. . . on the margins

One of my spring joys is sitting in the sun – doing nothing, not even thinking about anything in particular. Just appreciating the warmth, idly noting the lush growth of weeds and admiring the plum tree which has exchanged its scraggy winter look for a flattering shade of green. Once garden shops and nurseries reopen there will be plants to buy, pots to refresh and petunias to plant. That’s then. Right now I sit in the here-ness of a warm spring day and let summer possibilities begin to take root in me. Is this prayer? Or do I pass it over as wasted time or day-dreaming? Are precious times like this an opportunity to sit awhile with God– no words, nothing to do, just be.

Every so often the Pope writes an encyclical, a document that is a cross between an exceedingly long letter and a book. Centuries ago wrote occasional circular letters to keep the far-flung bishops of the world in touch with church teachings and doctrine. Francis has been Pope since 2013 and in that time he has written 3 encyclicals- the first about religious faith, followed by one addressing environmental issues and now, a third, titled Fratelli Tutti, which sounds  like a new flavour of gelato, but is actually the first two words of a reflections on the needs of our times. John Allen, who writes extensively on Church matters, describes it as “an extended meditation on political and economic life in the early 21st century, including the impact of the coronavirus crisis.” Before you ask, no, I haven’t read it yet. It’s approximately 40,000 words long and written in what I call church-speak. I hope that as religious writers delve into what has been described as a baggy elephant of a document, they will make it easier for people like me to read and absorb the wisdom of Pope Francis.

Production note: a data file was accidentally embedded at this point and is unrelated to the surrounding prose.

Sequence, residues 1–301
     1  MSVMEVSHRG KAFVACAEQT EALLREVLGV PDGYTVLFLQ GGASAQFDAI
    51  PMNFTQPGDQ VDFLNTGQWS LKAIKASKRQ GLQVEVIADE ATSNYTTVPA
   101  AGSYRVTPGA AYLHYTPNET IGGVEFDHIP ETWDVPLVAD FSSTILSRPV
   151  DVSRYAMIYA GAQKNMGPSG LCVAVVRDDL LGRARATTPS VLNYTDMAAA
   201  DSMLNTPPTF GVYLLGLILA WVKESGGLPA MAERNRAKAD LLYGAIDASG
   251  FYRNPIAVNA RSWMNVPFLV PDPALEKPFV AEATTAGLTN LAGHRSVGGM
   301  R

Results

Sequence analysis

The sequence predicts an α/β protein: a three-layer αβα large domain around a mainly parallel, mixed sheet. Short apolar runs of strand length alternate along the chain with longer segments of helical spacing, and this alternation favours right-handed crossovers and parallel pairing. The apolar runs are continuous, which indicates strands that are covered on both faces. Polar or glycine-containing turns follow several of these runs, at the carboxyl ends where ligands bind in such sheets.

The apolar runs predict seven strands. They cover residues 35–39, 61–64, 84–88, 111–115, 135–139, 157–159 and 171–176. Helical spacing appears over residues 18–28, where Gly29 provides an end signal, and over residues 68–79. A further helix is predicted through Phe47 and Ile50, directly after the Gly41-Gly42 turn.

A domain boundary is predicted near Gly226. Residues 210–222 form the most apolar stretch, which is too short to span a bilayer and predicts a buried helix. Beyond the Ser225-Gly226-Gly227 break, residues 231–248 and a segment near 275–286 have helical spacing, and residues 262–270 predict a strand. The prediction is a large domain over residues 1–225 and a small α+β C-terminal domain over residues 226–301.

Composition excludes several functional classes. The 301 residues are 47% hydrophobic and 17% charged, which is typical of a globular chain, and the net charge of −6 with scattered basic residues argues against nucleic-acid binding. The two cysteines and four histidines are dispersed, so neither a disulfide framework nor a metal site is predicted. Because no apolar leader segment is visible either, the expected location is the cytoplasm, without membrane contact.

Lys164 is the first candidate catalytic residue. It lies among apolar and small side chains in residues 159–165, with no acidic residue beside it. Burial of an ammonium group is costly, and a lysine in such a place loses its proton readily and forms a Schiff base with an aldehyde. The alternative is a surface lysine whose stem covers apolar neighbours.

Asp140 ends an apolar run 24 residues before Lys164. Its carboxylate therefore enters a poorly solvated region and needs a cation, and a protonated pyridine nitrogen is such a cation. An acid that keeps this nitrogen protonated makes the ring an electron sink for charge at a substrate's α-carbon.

It’s ten years since St Mary MacKillop was canonised. She was a girl from my hometown Melbourne, who followed an inner prompting that led her into the lives of the poor and disadvantaged across the country. In slums and struggling country towns Sister Mary and those who came to join her lived out the Gospel as they saw it unfolding before their eyes. She was a humble woman with a healthy ego. To use an Australian expression, she was a woman who “stuck her neck out” and in the process got things done. When challenged by the ecclesiastical authorities about her innovative practices, she was able to respond respectfully, confidently and humbly because she knew that she was simply a channel of the ongoing action of God’s Spirit. She was a great woman, a powerful woman, but she never claimed it as her own. She was never full of herself, only full of God.I am proud of Mary MacKillop, proud too that she is recognised as an Australian who did something about the rights of all to education and a decent standard of living.

Accept surprises that upset your plans, shatter your dreams, give a completely different turn to your day, and, who knows, your life. Leave the Father free, to weave the pattern of your days.  (Dom Helder Camara 1909 – 1999)

judith@judithscully.com.au